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Phosphorylation and protonation of neighboring MiRP2 sites: function and pathophysiology of MiRP2-Kv3.4 potassium channels in periodic paralysis.
Geoffrey W Abbott, Margaret H Butler, Steve A N Goldstein
, 20, 293-301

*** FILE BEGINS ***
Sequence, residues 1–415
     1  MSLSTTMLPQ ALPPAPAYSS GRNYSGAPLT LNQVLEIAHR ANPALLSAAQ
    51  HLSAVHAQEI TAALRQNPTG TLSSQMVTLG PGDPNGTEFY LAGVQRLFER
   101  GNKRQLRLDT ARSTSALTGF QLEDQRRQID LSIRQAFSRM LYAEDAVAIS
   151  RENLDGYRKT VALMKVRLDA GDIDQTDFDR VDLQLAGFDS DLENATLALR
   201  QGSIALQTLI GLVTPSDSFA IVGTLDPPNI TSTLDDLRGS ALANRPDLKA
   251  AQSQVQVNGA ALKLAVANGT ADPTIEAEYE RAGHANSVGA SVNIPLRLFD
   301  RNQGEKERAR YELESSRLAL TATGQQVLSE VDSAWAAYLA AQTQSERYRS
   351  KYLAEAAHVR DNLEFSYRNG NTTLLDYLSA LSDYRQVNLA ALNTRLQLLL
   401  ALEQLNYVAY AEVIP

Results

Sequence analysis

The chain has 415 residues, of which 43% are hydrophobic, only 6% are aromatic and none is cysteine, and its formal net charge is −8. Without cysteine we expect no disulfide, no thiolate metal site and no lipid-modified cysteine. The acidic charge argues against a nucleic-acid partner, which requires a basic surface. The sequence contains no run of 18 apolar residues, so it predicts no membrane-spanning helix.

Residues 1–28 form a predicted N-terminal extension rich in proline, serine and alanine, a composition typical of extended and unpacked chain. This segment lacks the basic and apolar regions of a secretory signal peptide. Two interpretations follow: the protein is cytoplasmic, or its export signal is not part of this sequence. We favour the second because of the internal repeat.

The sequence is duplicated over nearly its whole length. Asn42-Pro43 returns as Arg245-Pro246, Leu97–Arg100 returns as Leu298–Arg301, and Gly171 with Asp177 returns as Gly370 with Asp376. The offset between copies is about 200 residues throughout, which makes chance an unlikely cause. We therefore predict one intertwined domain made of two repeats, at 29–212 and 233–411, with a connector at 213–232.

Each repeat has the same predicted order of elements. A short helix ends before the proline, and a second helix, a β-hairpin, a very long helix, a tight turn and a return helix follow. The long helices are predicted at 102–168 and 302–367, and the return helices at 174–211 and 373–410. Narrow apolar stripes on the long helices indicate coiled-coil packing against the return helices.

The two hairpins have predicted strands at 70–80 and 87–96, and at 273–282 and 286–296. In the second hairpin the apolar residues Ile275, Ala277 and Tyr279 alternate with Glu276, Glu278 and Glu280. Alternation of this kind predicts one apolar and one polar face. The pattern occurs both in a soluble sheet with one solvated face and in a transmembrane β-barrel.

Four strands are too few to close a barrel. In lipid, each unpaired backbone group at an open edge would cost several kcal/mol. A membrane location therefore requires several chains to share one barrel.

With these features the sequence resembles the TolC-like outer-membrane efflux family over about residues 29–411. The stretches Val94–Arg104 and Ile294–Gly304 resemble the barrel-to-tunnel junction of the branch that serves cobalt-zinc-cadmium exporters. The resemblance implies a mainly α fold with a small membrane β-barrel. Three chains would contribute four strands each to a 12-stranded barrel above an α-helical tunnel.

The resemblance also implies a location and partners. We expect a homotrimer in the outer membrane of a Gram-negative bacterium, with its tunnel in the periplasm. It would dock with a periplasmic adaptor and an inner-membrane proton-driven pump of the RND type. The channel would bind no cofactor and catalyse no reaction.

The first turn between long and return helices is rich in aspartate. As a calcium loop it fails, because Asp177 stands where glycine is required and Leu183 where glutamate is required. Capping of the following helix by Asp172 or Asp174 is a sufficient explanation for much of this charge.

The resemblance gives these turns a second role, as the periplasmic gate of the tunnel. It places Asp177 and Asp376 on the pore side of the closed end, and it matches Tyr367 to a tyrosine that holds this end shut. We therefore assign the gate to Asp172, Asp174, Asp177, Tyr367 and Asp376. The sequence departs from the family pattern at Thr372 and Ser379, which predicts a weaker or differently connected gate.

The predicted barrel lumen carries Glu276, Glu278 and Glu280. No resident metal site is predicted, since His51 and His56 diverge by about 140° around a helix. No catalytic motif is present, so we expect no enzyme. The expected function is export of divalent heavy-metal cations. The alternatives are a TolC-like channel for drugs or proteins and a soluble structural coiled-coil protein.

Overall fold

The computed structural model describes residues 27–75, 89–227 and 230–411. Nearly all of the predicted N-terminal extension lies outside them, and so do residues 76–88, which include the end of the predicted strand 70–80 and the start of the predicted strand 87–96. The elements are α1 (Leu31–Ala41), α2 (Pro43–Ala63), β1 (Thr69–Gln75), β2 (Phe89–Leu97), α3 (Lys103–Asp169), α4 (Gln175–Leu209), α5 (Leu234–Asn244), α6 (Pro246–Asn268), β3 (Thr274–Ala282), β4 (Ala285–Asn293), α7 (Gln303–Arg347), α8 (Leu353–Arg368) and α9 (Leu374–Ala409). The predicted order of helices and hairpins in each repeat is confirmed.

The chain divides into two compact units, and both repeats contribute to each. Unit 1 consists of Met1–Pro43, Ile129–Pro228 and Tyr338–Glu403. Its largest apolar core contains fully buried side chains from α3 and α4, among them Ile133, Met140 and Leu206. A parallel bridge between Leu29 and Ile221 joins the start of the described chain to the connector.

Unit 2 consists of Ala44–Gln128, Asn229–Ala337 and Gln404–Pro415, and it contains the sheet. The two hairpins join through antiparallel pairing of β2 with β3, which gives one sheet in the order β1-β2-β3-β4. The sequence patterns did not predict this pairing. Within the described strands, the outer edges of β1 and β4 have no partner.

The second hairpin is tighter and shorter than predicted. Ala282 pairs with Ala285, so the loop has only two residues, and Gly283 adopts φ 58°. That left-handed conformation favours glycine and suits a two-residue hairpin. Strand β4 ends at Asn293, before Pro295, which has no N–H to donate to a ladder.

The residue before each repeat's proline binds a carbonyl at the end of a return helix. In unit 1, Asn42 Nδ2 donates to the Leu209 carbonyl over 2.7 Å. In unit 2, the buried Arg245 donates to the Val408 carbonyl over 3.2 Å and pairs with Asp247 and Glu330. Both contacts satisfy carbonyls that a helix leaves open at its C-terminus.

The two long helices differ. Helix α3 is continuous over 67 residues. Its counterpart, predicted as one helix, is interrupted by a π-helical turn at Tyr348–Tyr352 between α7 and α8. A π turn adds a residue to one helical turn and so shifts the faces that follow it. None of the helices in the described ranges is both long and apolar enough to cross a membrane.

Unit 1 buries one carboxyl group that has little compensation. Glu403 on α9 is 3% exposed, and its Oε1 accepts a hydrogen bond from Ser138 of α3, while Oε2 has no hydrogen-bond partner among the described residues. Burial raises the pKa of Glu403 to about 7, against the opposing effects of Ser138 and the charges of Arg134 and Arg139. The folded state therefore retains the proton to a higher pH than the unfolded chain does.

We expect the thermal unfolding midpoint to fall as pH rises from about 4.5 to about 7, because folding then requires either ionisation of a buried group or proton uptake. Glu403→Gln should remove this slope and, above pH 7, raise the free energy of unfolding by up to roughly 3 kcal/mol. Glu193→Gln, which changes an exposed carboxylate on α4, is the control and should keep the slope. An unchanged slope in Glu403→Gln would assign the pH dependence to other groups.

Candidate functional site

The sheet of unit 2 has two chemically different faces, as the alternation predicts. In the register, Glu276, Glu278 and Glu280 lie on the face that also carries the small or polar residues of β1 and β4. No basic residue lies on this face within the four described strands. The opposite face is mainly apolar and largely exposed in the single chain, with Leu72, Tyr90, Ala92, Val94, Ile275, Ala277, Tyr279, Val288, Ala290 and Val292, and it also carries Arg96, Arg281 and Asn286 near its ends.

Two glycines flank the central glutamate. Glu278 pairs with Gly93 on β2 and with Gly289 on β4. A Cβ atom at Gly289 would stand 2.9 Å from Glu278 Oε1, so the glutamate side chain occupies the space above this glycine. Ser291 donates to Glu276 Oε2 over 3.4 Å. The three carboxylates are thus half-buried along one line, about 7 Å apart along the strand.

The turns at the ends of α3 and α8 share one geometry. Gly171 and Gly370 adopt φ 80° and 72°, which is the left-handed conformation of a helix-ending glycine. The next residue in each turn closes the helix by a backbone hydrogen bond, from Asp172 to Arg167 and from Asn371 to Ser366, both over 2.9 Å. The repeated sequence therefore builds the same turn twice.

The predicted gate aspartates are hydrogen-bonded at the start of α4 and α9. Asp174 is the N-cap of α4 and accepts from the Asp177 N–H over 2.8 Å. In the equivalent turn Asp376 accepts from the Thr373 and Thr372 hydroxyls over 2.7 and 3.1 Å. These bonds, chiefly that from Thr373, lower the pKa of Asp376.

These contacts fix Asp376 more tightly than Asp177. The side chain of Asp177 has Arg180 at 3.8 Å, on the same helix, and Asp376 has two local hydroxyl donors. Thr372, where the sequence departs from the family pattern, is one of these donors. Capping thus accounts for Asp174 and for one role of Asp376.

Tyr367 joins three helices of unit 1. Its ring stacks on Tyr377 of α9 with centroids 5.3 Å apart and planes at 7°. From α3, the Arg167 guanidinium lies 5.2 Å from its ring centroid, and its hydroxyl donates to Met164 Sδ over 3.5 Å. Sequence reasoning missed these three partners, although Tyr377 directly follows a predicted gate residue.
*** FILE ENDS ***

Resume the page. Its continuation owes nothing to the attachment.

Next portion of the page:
MinK-related peptide 2 (MiRP2) and Kv3.4 subunits assemble in skeletal muscle to create subthreshold, voltage-gated potassium channels. MiRP2 acts on Kv3.4 to shift the voltage dependence of activation, speed recovery from inactivation, suppress cumulative inactivation and increase unitary conductance. We previously found an R83H missense mutation in MiRP2 that segregated with periodic paralysis in two families and diminished the effects of MiRP2 on Kv3.4. Here we show that MiRP2 has a single, functional PKC phosphorylation site at serine 82 and that normal MiRP2-Kv3.4 function requires phosphorylation of the site. The R83H variant does not prevent PKC phosphorylation of neighboring S82; rather, the change shifts the voltage dependence of activation and endows MiRP2-Kv3.4 channels with sensitivity to changes in intracellular pH across the physiological range. Thus, current passed by single R83H channels decreases as internal pH is lowered (pK(a) approximately 7.3, consistent with histidine protonation) whereas wild-type channels are largely insensitive. These findings identify a key regulatory domain in MiRP2 and suggest a mechanistic link between acidosis and episodes of periodic paralysis.